It must be stressed that the GPS function on any Dash Cam is not a navigation system. GPS adds time and location details to the footage. Dash cams supporting GPS may either have it as an inbuilt unit or as an optional addon module to be purchased separately. Google Maps overlay can be viewed alongside the footage when using the manufacturer viewing software (great if you forget where the footage was taken). If you really need this, make sure that they work properly for the given brand/model; more often than not, they throw up false warning which may unnecessarily annoy you.


Dashcams come in all shapes and sizes. The smaller the Dash Cam the less distracting it will be on the windscreen. Most people prefer a smaller unit to avoid inviting unnecessary attention. Depending upon what suits your choice,you may make a choice as needed.

Angle of view

The wider the recording angle of view means more road lanes and more of your surroundings will be captured and recorded in the footage. This helps to capture driver behaviour earlier in the incident and will show more of the lead up to the incident (for example a driver cutting in front of your car will come into view earlier on the footage). The narrower the angle of view, the less coverage you have on the road. A Dash Cam with 160°angle of view can cover up to 5 road lanes in the footage.

Parking mode

Now this is a feature that appeals to many people, it is a mode allowing the camera to keep running when the car is turned off, It will usually rely on motion detection or the G-sensor to detect impacts. This is useful for those bumps in the Supermarket car park. However this requires the dashcam to be hardwired to the car's power.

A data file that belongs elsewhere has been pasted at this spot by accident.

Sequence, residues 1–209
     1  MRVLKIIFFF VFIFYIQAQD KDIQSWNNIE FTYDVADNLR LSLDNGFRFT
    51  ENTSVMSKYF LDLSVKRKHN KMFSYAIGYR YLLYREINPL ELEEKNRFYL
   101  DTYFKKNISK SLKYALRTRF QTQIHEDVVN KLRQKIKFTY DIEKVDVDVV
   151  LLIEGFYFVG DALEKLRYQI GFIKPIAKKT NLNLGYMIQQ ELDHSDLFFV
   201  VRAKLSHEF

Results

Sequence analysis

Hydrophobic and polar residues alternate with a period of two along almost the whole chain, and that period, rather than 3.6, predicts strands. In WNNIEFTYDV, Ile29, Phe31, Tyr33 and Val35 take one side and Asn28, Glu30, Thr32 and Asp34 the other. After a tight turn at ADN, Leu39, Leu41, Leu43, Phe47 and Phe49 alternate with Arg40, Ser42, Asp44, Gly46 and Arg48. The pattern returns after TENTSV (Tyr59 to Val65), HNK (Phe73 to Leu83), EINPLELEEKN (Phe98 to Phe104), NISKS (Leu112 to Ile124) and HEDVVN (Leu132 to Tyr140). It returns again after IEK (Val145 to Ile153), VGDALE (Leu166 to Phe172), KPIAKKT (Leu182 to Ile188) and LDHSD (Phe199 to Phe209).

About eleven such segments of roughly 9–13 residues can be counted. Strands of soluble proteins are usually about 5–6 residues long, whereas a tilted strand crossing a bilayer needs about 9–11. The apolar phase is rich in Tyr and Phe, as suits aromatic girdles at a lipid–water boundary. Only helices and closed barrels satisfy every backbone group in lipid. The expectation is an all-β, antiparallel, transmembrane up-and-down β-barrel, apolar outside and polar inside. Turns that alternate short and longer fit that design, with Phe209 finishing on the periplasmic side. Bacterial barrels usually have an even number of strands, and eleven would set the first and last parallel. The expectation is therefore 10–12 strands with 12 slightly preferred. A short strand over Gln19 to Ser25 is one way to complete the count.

This is a safety feature of the camera that locks videos to the memory in case of accidents. The locking mechanism is triggered by an impact to the car and by sudden braking and wide swerves.

Loop recording

The dash cam is powered through the car charger and is designed to start recording when the car is driven. Loop recording means continuous video recording with the oldest files being overwritten with new ones when the memory is full.


Cameras with Wi-Fi usually allow you to install an app and view recordings from your phone or tablet. This can be useful, especially if it lets you download recordings. However, transferring video over Wi-Fi can be painfully slow, and the videos trapped within the app and not easily sharable.

Often, it's much easier to remove the microSD card (or even the dash cam from the car) and transfer the files to a laptop or PC. Either way, you'll see much more detail than if you review footage on the small, low-resolution screens on the dash cams themselves.

Wide Dynamic Range (WDR) / High Dynamic Range (HDR) - While not essential to a cameras operation they will ensure your night footage is much much better.

SD card

Micro SD cards can cause a lot of confusion amongst buyers. All Dash Cams require use of a Micro SD Card. Most cameras don't include any storage, so you'll need to buy some. All the recorded footage is saved onto the SD card. Micro SD Cards come in 16GB, 32GB, 64GB and 128GB sizes generally for Dash Cams . With most cameras, a 32GB card will be enough. The approximate times listed below are how long the camera will record HD video before reaching the end of the card and then starting over at the beginning (loop recording):
8GB card - 2-3 hours
16GB card - 4-6 hours
32GB card - 6-12 hours
64GB card - 10-20 hours
128GB card - 20-40 hours

For further information on car cameras or to purchase one yourself, you can visit Azdome .

If you have any further enquiries or would like more assistance please do not hesitate to contact us, we are more than happy to answer any questions or assist you with a Dash Cam recommendation.